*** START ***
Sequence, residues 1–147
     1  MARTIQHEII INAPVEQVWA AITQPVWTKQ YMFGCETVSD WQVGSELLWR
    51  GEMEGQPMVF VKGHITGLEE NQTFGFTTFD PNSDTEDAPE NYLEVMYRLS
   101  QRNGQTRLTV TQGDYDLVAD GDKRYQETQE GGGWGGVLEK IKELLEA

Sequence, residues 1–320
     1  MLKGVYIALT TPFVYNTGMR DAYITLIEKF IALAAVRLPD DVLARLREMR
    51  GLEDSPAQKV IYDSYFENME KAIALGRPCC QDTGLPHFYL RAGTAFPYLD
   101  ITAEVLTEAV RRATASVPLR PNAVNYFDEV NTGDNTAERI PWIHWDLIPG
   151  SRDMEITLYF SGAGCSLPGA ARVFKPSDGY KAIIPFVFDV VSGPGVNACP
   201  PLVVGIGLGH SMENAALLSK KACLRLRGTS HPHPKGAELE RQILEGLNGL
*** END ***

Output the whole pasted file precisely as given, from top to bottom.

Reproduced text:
Sequence, residues 1–147
     1  MARTIQHEII INAPVEQVWA AITQPVWTKQ YMFGCETVSD WQVGSELLWR
    51  GEMEGQPMVF VKGHITGLEE NQTFGFTTFD PNSDTEDAPE NYLEVMYRLS
   101  QRNGQTRLTV TQGDYDLVAD GDKRYQETQE GGGWGGVLEK IKELLEA

Sequence, residues 1–320
     1  MLKGVYIALT TPFVYNTGMR DAYITLIEKF IALAAVRLPD DVLARLREMR
    51  GLEDSPAQKV IYDSYFENME KAIALGRPCC QDTGLPHFYL RAGTAFPYLD
   101  ITAEVLTEAV RRATASVPLR PNAVNYFDEV NTGDNTAERI PWIHWDLIPG
   151  SRDMEITLYF SGAGCSLPGA ARVFKPSDGY KAIIPFVFDV VSGPGVNACP
   201  PLVVGIGLGH SMENAALLSK KACLRLRGTS HPHPKGAELE RQILEGLNGL